Best of luck drawing the tags you put in for!

Monday, May 16, 2011

Nottingham Made Proud
As I sit and type this entry up, I cannot help but smile with the fun I had at the archery range this past weekend. For starters, El Dorado Park in Long Beach, CA put in brand new target bales two weeks ago and I have been itching to get over there and practice. Michael and I finally had the opportunity to hit the range on Sunday. Despite the wind gusting at 20-30 mph, we had a great time.

Our normal shooting at 60-70 yards wasn't going to work for us because of the wind factor, so we decided to post up at 30 yards in preparation for deer and bear season. Some of the areas we plan to hunt are on steep where the winds can pick up late in the day, and practicing at 30 yards in the wind would do us some good.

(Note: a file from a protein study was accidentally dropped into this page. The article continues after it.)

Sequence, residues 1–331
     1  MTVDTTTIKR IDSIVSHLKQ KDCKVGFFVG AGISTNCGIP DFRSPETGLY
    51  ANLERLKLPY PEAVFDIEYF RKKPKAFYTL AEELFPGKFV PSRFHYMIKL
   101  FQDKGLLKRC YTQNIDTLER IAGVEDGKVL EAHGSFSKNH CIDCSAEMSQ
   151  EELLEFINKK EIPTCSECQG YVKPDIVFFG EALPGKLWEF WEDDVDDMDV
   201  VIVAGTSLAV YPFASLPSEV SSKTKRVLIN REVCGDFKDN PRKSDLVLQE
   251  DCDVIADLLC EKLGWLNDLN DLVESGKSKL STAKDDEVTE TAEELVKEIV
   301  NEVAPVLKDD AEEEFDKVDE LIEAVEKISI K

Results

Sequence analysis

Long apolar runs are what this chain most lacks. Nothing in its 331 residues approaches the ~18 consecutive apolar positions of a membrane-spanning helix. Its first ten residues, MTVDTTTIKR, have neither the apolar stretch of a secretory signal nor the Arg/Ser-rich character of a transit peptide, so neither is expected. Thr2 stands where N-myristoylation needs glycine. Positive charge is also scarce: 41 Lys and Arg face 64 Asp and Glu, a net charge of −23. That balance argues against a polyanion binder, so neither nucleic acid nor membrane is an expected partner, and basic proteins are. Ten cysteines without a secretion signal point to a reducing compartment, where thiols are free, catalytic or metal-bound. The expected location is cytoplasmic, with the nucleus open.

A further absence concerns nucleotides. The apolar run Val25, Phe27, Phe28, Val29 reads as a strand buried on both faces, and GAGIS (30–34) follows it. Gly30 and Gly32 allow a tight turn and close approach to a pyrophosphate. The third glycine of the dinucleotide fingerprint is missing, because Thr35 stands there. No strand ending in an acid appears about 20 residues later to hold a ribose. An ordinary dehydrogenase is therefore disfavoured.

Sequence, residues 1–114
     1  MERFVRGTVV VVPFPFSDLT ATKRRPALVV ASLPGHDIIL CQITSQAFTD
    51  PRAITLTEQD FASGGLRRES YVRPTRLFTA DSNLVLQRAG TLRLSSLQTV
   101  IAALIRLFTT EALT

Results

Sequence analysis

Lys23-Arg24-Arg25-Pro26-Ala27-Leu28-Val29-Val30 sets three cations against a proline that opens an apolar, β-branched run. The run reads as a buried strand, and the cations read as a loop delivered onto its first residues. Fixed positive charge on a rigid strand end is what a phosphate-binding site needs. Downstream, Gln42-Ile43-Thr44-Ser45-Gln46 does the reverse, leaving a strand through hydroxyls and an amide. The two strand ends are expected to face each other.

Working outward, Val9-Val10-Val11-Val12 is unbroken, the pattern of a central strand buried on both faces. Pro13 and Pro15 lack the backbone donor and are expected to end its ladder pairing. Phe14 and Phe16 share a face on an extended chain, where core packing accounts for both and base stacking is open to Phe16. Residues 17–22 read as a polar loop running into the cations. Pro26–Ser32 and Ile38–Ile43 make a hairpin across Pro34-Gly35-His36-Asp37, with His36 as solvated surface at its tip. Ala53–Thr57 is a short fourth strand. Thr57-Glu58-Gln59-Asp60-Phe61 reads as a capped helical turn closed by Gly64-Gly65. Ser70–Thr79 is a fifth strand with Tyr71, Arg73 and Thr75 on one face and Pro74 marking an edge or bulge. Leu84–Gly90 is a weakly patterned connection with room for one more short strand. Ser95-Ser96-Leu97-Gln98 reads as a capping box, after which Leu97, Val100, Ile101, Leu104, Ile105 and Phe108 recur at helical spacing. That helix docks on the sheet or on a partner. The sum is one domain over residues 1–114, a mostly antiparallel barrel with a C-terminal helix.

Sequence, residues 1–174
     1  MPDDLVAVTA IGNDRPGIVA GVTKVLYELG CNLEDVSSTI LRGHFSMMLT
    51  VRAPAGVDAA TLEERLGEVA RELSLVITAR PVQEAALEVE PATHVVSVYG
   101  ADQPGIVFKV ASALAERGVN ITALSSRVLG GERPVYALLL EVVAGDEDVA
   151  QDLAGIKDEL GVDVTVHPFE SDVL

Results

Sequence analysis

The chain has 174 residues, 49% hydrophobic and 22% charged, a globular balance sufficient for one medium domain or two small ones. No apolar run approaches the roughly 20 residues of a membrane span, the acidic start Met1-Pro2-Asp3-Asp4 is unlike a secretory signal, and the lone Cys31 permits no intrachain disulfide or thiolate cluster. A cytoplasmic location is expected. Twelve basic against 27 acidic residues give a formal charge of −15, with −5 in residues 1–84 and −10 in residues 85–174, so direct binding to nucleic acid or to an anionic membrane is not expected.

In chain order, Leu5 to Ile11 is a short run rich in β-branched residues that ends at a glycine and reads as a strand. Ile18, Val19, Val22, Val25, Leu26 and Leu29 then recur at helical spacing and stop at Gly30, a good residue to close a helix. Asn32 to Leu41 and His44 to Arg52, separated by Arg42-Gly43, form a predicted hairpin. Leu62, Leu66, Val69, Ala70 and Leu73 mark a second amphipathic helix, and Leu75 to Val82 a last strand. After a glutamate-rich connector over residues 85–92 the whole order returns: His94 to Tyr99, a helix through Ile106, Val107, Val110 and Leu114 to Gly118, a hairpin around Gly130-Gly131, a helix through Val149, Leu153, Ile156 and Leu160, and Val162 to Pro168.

We started shooting a little left, and we attributed that to us trying to compensate for the wind. Shortly thereafter we were doing as well even while shooting with a crosswind. 

I'll take a little low and left in a crosswind like we had at 30 yards.

On our third round of arrows, Michael shot and then I let one fly. We hear a  *plink* and then watch some fluorescent material fly into the air. I figured it to be fletching. I've taken enough fletching off my arrows while practicing, but that was not it. Michael looked over at me and said, "I think you just Robin Hooded an arrow." I laughed it off, but as we approached the target he was exactly right! In 27 years of shooting archery gear, I had my first Robin Hood. 

Robin Hooded it!
Nothing like putting an Easton FMJ through a PSE X-Weave.
Unfortunately for Michael, I had Robin Hooded one of HIS arrows. Doh! Looks like I'll be buying some new arrows for my hunting partner. We still had a great time, joked about the shot and decided that it was time for each of us to shoot at different spot on the target. Normally we'd do that anyway, but we figured with the crosswind that we'd be less accurate. Guess not!